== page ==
California public transit operators for years have braced themselves for pain at the annual arrival of the proposed state budget because it usually meant a reduction in funds, leading to higher fares and service cuts.
New governor. New budget, but no new take-aways.
Gov. Jerry Brown's budget plan released last week would spare transit operators like BART and AC Transit from further cuts even though the document whacks state funding in many other areas, such as health care and social services.
"The proposed budget provides stability to public transit operators ... Overall, it's a good thing for transit," said Randy Rentschler, a spokesman for the Metropolitan Transportation Commission, a transportation and planning agency for the nine Bay Area counties.
Transit operators have had a rough four or years or so because the state has diverted some of the money they use for operating costs not covered by fares.
Brown proposes action to protect a tax swap that the Legislature approved last year to give transit more stable funding and to end its reliance on state general fund money.
Lawmakers eliminated the sales tax on gasoline, and replaced it with an equivalent increase in the per-gallon gas tax. The deal -- which did not change the total that consumers pay at the pump -- also reduced the per-gallon diesel tax in exchange for a higher diesel sales tax that would funnel more money to public transit.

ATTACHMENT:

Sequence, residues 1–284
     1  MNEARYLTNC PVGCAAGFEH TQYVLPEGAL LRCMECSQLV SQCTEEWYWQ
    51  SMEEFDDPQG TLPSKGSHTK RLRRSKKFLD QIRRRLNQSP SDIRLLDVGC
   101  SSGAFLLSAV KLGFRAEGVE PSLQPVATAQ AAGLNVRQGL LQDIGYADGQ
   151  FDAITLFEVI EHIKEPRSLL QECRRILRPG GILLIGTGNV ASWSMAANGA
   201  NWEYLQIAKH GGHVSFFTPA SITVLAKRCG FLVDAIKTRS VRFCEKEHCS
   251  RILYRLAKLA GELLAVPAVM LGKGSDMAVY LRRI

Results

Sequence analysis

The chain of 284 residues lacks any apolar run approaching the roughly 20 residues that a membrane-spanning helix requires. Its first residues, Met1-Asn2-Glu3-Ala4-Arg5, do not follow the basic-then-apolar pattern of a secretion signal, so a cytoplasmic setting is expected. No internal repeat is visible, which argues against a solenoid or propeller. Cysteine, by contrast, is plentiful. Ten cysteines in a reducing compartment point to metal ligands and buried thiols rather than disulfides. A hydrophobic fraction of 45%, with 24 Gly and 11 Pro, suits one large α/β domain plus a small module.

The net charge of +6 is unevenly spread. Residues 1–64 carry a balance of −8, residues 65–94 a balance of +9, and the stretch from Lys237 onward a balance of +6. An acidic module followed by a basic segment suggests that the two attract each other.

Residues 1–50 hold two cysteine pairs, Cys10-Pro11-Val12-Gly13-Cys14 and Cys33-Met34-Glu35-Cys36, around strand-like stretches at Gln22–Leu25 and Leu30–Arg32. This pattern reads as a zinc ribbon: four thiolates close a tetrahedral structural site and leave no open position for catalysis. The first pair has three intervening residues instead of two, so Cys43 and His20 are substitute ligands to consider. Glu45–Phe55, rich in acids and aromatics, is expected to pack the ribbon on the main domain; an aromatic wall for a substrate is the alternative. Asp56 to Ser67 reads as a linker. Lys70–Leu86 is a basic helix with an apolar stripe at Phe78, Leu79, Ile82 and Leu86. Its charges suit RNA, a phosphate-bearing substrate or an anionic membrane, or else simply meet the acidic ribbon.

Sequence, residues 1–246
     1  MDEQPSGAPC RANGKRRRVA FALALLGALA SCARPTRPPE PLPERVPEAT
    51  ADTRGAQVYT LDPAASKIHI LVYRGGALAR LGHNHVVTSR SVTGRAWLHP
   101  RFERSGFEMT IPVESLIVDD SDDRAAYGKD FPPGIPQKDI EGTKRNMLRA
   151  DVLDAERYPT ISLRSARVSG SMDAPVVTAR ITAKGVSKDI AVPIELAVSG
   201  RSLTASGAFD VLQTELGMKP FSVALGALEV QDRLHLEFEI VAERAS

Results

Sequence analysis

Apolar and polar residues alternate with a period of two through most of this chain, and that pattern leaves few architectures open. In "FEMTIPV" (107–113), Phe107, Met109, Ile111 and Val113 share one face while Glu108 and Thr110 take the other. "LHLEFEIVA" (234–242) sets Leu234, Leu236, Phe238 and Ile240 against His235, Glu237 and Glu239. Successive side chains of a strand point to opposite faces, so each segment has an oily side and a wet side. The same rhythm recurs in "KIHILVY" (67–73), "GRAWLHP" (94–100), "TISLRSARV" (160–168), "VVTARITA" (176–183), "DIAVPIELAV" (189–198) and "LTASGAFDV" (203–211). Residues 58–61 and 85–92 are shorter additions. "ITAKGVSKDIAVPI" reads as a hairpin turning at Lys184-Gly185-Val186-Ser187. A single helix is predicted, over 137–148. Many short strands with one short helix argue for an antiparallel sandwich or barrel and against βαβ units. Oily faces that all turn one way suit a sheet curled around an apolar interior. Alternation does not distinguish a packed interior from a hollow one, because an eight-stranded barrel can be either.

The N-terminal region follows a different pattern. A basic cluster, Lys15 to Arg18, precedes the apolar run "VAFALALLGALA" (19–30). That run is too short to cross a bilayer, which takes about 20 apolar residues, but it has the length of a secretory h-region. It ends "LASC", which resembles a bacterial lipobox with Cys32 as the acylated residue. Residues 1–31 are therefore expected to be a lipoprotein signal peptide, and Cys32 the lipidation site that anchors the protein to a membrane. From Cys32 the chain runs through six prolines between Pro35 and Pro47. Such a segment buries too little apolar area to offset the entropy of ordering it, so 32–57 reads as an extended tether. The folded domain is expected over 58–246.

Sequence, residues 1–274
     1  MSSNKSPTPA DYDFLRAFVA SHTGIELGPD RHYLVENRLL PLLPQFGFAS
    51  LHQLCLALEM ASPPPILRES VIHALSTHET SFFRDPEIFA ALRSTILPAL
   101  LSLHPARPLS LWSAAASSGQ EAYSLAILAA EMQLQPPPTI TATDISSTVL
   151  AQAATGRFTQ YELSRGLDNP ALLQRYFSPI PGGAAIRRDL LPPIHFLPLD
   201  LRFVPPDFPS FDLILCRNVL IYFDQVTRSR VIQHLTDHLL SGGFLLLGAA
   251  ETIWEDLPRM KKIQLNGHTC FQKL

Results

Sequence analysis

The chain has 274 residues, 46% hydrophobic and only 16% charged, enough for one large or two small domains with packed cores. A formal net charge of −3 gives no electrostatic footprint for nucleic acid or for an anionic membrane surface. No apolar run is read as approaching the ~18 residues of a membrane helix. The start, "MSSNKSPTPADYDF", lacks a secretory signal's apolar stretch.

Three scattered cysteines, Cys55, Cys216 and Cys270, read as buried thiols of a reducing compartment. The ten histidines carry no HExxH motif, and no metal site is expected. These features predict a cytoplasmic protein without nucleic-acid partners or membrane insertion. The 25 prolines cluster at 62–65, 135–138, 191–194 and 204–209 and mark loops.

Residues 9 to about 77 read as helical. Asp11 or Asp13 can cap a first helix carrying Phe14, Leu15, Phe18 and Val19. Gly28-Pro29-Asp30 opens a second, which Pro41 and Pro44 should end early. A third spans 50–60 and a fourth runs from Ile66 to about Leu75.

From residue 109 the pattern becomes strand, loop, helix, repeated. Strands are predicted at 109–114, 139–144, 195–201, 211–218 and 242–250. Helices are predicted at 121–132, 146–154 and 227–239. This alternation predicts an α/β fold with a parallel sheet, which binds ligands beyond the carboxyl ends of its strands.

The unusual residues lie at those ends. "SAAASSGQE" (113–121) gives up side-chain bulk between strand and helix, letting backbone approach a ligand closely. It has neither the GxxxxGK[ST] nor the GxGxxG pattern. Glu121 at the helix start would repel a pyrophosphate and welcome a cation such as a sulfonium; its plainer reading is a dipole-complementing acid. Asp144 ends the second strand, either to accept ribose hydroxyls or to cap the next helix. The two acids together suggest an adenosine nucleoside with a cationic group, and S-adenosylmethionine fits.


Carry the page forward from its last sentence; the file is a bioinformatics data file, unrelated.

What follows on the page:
Transit operators liked the swap, but voters put it in doubt. Last fall, California voters approved Proposition 26, which many experts think would repeal the two higher fuel taxes on Nov. 2 unless state lawmakers go back and approve the increases by a two-thirds majority -- not the original simple majority, according to a Jan. 7 memo to the Metropolitan Transportation Commission.
In his budget message, Gov. Brown said he would support having the Legislature approve the tax swap on by a two-thirds majority.
The California Transit Association, a lobby for transit operators, is pleased by the proposed budget, said Jeff Wagner, a spokesman for the group. "The governor understands what public transit has gone through the last few years, and he's trying to provide a baseline of some minimal funding."
BART Board President Bob Franklin said he wasn't familiar with the details of the state budget proposal, but added he would welcome a deal that preserves state transit funding. "After years of state reductions, the status quo is good."